Presidio, Texas, has one link to U.S. electrical power, stretching some 60 miles (100 kilometers) from Marfa in the high desert to the banks of the Rio Grande.
Built in 1948, the transmission line was around when Rock Hudson, Elizabeth Taylor, and James Dean walked Marfa’s streets while filming the epic movie Giant.
Electrical storms erupt frequently in the rugged expanse between Marfa, nearly one mile (1,600 meters) above sea level, and Presidio, on the Mexico border, “one of the hottest places in the nation,” in the words of city administrator Brad Newton. “It really creates a situation unique to our geographic area,” he says.
Reliance on a single aging, transmission line in this hostile terrain has made life in Presidio different than in most of the United States.
Chronic power outages and electrical fluctuations have been the norm.
And sweltering in the dark has been only part of the problem. The situation wreaks havoc with electrical devices, causing computer systems to reset frequently—an annoyance in homes and a constant worry for authorities.
“The area is a significant border crossing and for them to lose computers was not a good option,” said Calvin Crowder, president of Electric Transmission Texas, LLC, a joint venture between subsidiaries of American Electric Power and Warren Buffett’s electricity company, Berkshire Hathaway’s MidAmerican Energy Holdings.
ETT is just completing installation of a system designed to resolve Presidio’s power woes.
The hoped-for remedy is a battery, a Texas-size battery, which could eventually end up playing an important role in wider use of green power generation such as solar and wind. The U.S. $25 million system, which is now charging and is set to be dedicated April 8, will be the largest use of this energy storage technology in the United States.
The four-megawatt sodium-sulfur (NaS) battery system consists of 80 modules, 8,000 pounds (3,600 kilograms) each, constructed by the Japanese firm NGK-Locke. They were shipped to Long Beach, California, in December and transported to Texas aboard 24 trucks.
The cost of the battery system includes $10 million just to construct the building in which it will be housed and the new substation it requires.
Massachusetts Institute of Technology professor Donald Sadoway explains that the technology was, in fact, invented in the United States.
“It was used by Ford in an electric vehicle in the early 1990s,” he said. “The all-electric Ford Escort was powered by sodium–sulfur batteries made in Heidelberg, Germany.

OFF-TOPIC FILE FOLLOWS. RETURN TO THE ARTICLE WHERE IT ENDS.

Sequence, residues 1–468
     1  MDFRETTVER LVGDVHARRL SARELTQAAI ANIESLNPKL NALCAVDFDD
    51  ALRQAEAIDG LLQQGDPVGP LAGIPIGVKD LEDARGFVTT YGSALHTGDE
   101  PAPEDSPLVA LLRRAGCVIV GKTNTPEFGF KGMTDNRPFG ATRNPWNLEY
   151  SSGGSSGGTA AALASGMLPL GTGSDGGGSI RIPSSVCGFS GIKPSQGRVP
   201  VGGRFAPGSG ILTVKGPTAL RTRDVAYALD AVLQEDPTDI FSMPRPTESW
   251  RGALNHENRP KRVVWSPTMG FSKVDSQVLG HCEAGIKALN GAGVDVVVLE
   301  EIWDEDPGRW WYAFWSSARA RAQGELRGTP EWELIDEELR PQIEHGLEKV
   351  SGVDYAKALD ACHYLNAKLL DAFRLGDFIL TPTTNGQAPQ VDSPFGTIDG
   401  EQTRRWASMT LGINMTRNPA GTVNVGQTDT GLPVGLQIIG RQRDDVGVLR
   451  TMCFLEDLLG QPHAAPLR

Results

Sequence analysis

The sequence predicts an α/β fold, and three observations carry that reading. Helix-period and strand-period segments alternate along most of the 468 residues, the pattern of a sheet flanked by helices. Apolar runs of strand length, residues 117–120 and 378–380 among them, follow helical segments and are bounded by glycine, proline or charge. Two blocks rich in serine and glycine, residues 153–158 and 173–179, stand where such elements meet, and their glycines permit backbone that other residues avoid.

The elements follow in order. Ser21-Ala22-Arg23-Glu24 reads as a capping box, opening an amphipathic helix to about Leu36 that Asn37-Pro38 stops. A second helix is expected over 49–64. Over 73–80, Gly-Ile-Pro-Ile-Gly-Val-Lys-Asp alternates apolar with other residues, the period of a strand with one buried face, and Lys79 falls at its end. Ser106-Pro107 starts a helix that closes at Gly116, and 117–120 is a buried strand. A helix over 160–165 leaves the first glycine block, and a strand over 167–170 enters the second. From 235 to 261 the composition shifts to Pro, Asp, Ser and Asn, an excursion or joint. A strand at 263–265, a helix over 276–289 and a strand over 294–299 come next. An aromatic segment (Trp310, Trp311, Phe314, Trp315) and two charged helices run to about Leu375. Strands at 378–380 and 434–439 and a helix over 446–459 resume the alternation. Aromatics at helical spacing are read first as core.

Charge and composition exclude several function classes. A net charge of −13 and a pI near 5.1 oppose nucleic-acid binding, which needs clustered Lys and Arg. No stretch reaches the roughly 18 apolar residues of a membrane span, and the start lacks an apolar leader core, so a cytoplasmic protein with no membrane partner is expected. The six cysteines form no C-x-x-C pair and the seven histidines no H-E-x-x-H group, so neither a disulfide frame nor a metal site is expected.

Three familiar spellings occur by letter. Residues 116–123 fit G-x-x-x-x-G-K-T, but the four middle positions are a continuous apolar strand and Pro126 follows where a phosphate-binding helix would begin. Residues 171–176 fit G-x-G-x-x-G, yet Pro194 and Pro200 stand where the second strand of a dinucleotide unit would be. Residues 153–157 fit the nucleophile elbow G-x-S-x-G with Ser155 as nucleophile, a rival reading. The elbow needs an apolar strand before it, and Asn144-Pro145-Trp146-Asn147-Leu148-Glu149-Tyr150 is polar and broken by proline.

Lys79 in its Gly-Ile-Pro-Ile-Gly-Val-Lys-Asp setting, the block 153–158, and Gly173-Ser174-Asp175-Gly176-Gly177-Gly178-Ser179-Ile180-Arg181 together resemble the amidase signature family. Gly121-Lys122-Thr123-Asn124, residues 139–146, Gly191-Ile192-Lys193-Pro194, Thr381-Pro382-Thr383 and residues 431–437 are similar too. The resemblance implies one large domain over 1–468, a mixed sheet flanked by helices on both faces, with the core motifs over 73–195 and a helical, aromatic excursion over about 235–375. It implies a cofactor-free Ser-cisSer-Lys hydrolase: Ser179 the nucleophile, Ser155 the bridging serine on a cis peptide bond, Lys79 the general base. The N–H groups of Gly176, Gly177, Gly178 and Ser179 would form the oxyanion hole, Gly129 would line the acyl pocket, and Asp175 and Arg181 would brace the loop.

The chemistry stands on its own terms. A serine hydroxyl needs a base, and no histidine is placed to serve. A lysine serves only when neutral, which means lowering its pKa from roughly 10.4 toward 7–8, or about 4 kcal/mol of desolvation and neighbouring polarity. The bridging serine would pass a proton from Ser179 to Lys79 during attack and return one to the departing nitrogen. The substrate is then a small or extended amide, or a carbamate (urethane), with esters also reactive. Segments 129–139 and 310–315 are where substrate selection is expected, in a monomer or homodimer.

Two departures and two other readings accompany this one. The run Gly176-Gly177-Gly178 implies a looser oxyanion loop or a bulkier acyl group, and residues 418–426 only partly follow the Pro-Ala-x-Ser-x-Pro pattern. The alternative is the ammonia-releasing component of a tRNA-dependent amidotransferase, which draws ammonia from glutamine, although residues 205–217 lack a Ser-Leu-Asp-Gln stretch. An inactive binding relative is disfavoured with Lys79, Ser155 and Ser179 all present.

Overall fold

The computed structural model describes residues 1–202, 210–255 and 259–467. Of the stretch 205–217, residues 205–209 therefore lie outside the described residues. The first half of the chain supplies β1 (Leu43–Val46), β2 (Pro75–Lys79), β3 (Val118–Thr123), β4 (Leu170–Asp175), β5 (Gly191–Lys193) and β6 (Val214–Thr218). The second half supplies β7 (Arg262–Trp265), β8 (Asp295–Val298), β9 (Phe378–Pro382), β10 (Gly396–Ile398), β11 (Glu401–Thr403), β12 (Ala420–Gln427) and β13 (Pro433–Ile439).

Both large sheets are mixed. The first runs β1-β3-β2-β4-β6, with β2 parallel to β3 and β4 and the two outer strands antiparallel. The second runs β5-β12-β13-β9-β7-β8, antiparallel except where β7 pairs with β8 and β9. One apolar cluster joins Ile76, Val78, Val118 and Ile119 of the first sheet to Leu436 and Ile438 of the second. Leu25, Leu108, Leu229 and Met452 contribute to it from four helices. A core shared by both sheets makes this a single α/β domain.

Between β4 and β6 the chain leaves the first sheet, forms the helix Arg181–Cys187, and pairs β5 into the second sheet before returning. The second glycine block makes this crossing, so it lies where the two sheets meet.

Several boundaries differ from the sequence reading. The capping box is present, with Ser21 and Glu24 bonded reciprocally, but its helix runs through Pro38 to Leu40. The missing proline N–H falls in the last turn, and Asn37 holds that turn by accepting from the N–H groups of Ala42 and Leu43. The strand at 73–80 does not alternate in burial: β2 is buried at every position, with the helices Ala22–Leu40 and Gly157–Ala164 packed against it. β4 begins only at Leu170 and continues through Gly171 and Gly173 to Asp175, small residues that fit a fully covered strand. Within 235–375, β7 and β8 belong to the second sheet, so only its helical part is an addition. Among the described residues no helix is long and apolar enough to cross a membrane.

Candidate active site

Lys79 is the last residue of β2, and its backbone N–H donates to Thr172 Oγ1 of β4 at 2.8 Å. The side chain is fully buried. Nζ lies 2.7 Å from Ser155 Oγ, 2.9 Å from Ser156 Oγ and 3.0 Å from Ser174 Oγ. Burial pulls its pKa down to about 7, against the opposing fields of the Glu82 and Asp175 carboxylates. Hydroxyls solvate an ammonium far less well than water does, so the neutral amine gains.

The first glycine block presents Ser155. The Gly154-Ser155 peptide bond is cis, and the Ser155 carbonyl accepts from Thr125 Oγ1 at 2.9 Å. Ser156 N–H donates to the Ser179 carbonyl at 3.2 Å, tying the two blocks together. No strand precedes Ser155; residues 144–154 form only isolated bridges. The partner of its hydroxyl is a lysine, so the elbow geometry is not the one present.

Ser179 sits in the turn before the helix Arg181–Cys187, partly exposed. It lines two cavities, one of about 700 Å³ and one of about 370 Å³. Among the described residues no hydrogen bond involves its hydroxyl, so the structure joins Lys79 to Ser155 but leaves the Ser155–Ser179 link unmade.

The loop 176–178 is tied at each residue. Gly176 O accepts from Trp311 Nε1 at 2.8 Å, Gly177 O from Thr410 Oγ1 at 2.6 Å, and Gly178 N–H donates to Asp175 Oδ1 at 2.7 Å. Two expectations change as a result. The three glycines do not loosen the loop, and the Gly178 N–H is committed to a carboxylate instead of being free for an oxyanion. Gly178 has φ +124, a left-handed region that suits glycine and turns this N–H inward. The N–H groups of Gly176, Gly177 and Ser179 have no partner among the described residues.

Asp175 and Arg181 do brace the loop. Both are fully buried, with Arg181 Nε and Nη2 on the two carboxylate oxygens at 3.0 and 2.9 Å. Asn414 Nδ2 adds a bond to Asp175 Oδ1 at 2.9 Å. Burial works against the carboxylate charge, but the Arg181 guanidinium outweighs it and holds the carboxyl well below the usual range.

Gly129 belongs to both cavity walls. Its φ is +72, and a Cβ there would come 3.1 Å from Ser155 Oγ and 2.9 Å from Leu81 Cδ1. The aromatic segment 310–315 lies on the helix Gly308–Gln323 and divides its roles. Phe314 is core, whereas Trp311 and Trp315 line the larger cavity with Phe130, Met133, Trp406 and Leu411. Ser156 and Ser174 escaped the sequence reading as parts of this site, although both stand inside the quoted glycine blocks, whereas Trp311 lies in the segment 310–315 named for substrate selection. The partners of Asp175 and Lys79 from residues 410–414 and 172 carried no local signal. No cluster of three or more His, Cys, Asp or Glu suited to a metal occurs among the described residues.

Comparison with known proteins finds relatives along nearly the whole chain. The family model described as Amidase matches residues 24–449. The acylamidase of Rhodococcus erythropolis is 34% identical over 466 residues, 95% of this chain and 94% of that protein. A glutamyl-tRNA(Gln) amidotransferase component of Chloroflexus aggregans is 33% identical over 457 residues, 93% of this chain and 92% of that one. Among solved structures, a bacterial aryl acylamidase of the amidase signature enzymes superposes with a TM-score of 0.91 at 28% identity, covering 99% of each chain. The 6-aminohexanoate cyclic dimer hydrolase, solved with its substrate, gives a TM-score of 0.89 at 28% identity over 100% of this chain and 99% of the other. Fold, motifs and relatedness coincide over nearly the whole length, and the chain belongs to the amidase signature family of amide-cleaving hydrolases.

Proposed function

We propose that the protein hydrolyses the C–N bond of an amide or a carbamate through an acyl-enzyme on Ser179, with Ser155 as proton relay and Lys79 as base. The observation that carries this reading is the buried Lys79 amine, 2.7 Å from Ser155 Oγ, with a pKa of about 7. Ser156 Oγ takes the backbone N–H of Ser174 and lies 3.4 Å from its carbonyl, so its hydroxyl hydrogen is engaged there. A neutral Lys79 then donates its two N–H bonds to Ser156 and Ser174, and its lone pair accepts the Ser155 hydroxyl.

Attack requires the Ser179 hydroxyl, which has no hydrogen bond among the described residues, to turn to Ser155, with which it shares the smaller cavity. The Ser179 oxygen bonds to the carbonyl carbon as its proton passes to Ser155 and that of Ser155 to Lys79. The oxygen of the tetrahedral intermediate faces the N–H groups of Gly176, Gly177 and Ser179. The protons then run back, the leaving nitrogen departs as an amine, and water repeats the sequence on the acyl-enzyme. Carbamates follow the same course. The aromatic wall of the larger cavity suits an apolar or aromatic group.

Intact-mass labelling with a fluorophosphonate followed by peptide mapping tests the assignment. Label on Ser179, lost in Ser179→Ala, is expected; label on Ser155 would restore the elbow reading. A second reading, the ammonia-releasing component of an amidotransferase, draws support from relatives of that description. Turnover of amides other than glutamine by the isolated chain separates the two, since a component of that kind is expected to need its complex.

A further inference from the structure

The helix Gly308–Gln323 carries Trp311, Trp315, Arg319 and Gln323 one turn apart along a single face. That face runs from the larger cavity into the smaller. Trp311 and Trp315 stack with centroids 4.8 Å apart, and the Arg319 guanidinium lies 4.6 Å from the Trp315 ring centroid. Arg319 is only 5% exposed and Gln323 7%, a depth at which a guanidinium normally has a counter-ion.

"It worked, but the technology was too expensive. They made maybe a hundred that were not for sale.” (Sadoway, a battery design specialist, actually got a chance to drive the concept vehicle, which he recalls was “a real blast.”)
American Electric Power (AEP) first tested the NaS system for stationary power at its Dolan Technology Center near Columbus, Ohio, and deployed it in a demonstration project in Gahanna, Ohio, in 2002. Since then, AEP has installed four NaS battery systems in West Virginia, Indiana, and Ohio.
NaS looked like a solution that would work for Presidio. Also, it is part of a larger modernization project that includes plans for a new 60-mile (100-kilometer), 69-kilovolt transmission line from Marfa to Presidio at a cost of $45 million, to be completed by 2012.
As such, the cost of the battery system will be shared by all 22 million customers on the Texas electricity grid. Members of the state legislature, Presidio officials, ETT and AEP Texas petitioned the grid operator, the Electric Reliability Council of Texas, to approve the project, labeling it a certified need.
The plan also needed and obtained approval of the Public Utility Commission of Texas.
Even when the transmission line is modernized, Crowder said the battery system will still be essential for Presidio.
Despite the latest in lightning arrestors, controls, and switching, the new line will not be immune to the fierce storms spawned on the plains.
Fast Response Time
The battery system will have a fast response time to address voltage fluctuations and momentary outages. And it also is designed to supply uninterrupted power for up to eight hours. This is not only crucial in the event of an outage, but it will assure that the lights stay on if Presidio needs to tap power from across the border in Mexico, as the city sometimes does during emergency situations—a switchover process that can take hours.
Crowder predicted that as those who are in the business of generating energy watch what ETT is doing, there will be “more and larger deployments in use of battery storage for wind and solar.”
“This type of technology as a utility application is still fairly new in the United States,” Crowder said. “Japan has been at this for a decade or so. As we learn more and as the price becomes less through mass production, there will be opportunities for wind and solar to improve the economics of their power.”
MIT's Sadoway, a professor in materials chemistry, said that many of NGK’s systems, indeed, are in use in Japan. But he said batteries as backup for solar is still far too expensive.
“I’m excited that people are embracing battery storage at this scale,” Sadoway said. “Once utilities get experience at what a large storage facility can do for them, eventually we will come up with technology that is cost-effective and a benefit for all.”